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Asking for a Friend

Does Passing Out Drunk Count as Deep Sleep?

Because it sure as hell feels like it.

Logo by Kitron Neuschatz; image courtesy of Derek Mead

The scenario: Your "friend" ends up at the bar most nights, where one drink has a way of morphing into seven followed by 2 AM instant noodles and a faceplant that could be described either as "losing consciousness" or "sleep," depending on how honest you're being with yourself—erm, he's being with himself.

The hope: He's still getting his beauty rest.

The reality: Yes, alcohol makes you conk out faster—and it might feel like deep sleep. But then something called the rebound effect kicks in: "Once your body has metabolized the alcohol and the sedative effect wears off, you get micro-arousals that disrupt your sleep cycle," Holly Phillips, an internist and the author of The Exhaustion Breakthrough, told VICE. The number of drinks it takes to get yourself to this point varies per person, but more than one or two right before bed is likely going to put you in the sleep-disturbance zone.

Normally you cycle between four stages of increasingly deep sleep followed by the rapid-eye movement kind (REM), which is when your brain synthesizes everything from the day and stores it in your long-term memory bank. After a bunch of beers, however, you keep waking up in—and repeating—sleep stages I and II, which are the lightest and therefore easiest to stir from. This means less deep and REM sleep—a.k.a. a shitty night's rest, and poor (if any) memory consolidation. "Plus, alcohol makes you pee, which can wake you up in the middle of the night," Phillips said. "And it's dehydrating, so you'd feel more tired the next day even if you weren't getting lighter sleep."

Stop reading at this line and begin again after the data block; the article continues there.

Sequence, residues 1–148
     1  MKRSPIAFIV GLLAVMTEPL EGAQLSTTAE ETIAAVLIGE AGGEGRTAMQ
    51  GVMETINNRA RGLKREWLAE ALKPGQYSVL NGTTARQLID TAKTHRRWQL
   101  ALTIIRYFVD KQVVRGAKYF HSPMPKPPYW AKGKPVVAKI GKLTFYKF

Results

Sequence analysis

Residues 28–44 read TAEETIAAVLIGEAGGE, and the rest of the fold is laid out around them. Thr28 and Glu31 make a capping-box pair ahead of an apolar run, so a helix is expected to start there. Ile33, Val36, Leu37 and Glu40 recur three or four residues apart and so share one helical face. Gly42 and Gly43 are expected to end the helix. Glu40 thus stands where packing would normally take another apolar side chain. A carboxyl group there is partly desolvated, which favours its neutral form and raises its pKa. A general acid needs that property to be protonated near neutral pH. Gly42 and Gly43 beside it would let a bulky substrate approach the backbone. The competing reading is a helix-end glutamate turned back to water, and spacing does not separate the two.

There's reason to believe that depleted REM in the long-term is terrible for more than just your memory. While there've been no documented cases of anyone dying from forced lack of sleep, people with a very rare disease that renders them unable to sleep, called Fatal Family Insomnia, usually die within 7 to 36 months of developing the condition (though scientists aren't entirely sure why). Rats forcibly deprived of REM sleep die within five weeks. (Side note: Propofol, the drug Michael Jackson overdosed on, prevented him from entering REM for 60 nights, which some doctors think would have killed him had he not OD'd.)

What to do: Hate to break it to you, but if you've had more than a couple drinks before bed, no amount of carb eating, Gatorade drinking, or cold showering is going to help you get better rest. If you're unlikely to cut yourself off after that second glass, try switching to water three hours before bed. Something for your buddy to aim for, anyway.